Oh Zooey. You are so kooky and adorable. Like a little floaty princess in your Reem Acra fairy dress. It is a beautiful dress, I'll give it that. I do love me some ice queen blue. And Zooey actually manages to look fairly sensible in it. I think it's the lack of kooky hair accessories and tambourine. 
Christina Hendricks, 2012 Emmy Awards Red Carpet
PHWOAR that is all. Nice to see Christina letting her hair loose for once and letting her fabulous hair and fabulous shape do the talking in an otherwise nondescript but beautifully cut Christian Siriano dress, that does the near-magical trick of making her ample bust look incredible but not remotely OTT. The bias-cut drape across the hips and the artful ruffle detailing of the fabric keeps the dress interesting while keeping a beautiful shape to it. If only it came in red. And had a less budget-looking belt.
Lucy Liu, 2012 Emmy Awards Red Carpet
Another out-and-out stunning piece of figure-flattery, this time on Lucy Liu. It's Versace and it makes me want to party like it's 1999. 
Kiernan Shipka, 2012 Emmy Awards Red Carpet
Speaking of 1999, how lovely does cute-as-a-button Mad Men star Kiernan Shipka look in her custom-made Zac Posen gown? Lovely drop waist, lovely colour(s) and gorgeous cut. I do love a boat neck. 
Ginnifer Goodwin, 2012 Emmy Awards Red Carpet
One star who acts cute but deliberately doesn't dress it is Once Upon A Time star Ginnifer Godwin, who once again brings the high fashion fierce to the red carpet in Monique L'huillier.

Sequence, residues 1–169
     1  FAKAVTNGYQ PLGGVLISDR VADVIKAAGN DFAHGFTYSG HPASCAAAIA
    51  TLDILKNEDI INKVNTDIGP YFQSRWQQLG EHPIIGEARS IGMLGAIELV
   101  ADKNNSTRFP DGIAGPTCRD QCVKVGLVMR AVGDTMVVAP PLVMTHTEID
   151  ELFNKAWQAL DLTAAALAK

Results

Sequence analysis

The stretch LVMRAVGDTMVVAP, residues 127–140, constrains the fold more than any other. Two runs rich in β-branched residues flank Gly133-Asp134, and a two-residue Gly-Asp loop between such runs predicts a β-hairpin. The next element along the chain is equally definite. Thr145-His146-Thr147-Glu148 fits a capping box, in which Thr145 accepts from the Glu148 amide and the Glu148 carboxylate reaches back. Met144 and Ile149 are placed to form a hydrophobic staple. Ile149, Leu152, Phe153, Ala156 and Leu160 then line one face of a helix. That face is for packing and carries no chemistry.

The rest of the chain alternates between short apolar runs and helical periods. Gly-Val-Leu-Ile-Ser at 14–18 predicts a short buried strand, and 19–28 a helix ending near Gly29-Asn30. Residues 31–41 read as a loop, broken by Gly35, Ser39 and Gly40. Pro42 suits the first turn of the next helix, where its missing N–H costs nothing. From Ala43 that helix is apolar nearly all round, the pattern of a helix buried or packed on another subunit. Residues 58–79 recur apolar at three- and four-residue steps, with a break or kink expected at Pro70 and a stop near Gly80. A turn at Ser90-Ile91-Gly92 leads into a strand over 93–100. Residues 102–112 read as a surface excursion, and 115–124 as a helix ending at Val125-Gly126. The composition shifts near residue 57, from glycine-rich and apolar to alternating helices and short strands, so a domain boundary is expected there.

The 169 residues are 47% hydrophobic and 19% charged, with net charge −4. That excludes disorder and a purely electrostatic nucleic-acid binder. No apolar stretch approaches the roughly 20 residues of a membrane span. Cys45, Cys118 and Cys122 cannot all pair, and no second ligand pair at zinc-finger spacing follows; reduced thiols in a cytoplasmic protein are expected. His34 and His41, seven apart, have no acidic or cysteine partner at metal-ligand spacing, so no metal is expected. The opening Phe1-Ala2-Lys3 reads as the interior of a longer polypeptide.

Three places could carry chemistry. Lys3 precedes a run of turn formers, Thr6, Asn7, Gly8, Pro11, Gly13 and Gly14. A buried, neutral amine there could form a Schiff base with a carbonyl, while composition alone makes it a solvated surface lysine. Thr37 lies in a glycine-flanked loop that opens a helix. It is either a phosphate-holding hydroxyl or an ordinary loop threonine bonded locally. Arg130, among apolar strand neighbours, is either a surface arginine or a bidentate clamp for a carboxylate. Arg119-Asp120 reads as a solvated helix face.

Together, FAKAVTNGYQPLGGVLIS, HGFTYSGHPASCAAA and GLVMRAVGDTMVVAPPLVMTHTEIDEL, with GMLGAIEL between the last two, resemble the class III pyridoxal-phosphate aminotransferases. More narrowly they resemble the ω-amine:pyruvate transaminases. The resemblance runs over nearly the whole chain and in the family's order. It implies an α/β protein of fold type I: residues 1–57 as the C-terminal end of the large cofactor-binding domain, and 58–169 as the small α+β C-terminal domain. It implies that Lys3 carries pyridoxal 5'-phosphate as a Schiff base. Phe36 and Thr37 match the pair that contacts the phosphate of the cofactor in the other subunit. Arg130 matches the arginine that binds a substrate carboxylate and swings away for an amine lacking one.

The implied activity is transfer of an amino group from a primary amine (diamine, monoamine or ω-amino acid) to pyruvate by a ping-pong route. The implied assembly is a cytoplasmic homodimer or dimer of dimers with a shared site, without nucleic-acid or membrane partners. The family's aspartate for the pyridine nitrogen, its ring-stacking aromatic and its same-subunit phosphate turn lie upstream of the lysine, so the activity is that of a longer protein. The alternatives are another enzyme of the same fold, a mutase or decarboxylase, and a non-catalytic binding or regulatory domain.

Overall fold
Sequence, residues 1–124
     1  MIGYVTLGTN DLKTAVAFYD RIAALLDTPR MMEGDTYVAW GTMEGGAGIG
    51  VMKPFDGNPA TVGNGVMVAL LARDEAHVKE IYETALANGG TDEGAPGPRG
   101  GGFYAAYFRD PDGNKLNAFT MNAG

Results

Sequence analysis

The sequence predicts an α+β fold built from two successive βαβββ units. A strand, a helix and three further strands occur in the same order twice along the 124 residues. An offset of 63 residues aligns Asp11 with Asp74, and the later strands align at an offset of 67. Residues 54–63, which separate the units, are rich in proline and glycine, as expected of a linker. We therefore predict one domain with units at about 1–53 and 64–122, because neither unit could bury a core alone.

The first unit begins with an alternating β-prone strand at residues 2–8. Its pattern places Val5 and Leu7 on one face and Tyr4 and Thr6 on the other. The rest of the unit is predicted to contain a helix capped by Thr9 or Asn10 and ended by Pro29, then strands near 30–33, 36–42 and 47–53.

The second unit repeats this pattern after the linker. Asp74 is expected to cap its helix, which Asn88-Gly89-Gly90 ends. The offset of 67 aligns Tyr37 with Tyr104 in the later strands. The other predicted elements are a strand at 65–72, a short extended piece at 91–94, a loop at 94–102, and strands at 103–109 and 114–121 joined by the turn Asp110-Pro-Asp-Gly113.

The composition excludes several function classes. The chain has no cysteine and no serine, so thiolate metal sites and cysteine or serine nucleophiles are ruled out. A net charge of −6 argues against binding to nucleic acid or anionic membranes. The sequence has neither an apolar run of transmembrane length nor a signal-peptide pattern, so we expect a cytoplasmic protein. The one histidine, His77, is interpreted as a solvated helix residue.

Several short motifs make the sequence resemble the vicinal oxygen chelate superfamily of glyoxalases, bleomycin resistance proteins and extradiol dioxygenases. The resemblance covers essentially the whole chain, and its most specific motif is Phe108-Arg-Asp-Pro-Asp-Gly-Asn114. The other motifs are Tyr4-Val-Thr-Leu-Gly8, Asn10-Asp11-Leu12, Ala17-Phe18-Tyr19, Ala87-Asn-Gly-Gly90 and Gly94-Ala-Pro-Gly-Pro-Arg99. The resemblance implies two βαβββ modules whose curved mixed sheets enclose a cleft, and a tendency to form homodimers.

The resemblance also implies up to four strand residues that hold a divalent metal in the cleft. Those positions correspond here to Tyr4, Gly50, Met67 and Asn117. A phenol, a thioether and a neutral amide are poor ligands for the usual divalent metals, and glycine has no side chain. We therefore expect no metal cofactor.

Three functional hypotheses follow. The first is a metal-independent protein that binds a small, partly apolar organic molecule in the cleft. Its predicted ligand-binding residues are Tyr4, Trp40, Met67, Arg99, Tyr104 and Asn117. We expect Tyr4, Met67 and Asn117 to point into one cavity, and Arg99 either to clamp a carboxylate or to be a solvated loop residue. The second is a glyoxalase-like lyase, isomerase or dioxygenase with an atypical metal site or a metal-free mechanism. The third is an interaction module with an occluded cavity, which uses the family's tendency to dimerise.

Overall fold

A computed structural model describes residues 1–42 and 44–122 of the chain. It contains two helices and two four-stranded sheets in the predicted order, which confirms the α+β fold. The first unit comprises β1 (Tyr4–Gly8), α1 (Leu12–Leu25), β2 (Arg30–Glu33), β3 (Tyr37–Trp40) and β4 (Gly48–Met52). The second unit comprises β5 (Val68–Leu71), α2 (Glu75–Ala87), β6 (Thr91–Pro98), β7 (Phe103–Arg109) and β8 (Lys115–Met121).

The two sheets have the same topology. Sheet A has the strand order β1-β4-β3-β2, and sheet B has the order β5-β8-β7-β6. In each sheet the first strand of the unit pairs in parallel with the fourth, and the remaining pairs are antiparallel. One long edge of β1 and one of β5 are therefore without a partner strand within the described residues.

January Jones, 2012 Emmy Awards Red Carpet
Ginnifer is rivaled in the fash-off stakes by the ever-dramatic January Jones, matching her on-screen daughter in Zac Posen. While I loathe her on-screen (as charisma-free Emma Frost in X-men and bratty Betty Draper-Francis) I love her style. 
Michelle Dockery, 2012 Emmy Awards Red Carpet
Similarly, while I have very little interest in Downton, I am in love with its star Michelle Dockery (in Louis Vuitton). That skin! That hair! That jaw! That perfect, perfect breeding! She's the new Gemma Arterton and I just adore her. 
Kelly Osbourne, 2012 Emmy Awards Red Carpet
But while Claire and Michelle made valiant attempts to be my best dressed pick of the night, that award has to go to Kelly Osborne, in flavour-of-the-night Zac Posen. Matching your gown to your hair? So on-trend berry lips? General nonchalance? Looking this good after that shaky start as a teenage emo with an embarassing family? The Osborne kids have turned into upstanding and reputable adults, and I am constantly wowed by Kelly's high fashion style with a bravery that stays true to her rocker roots. Top marks. 

(All images via Stylist)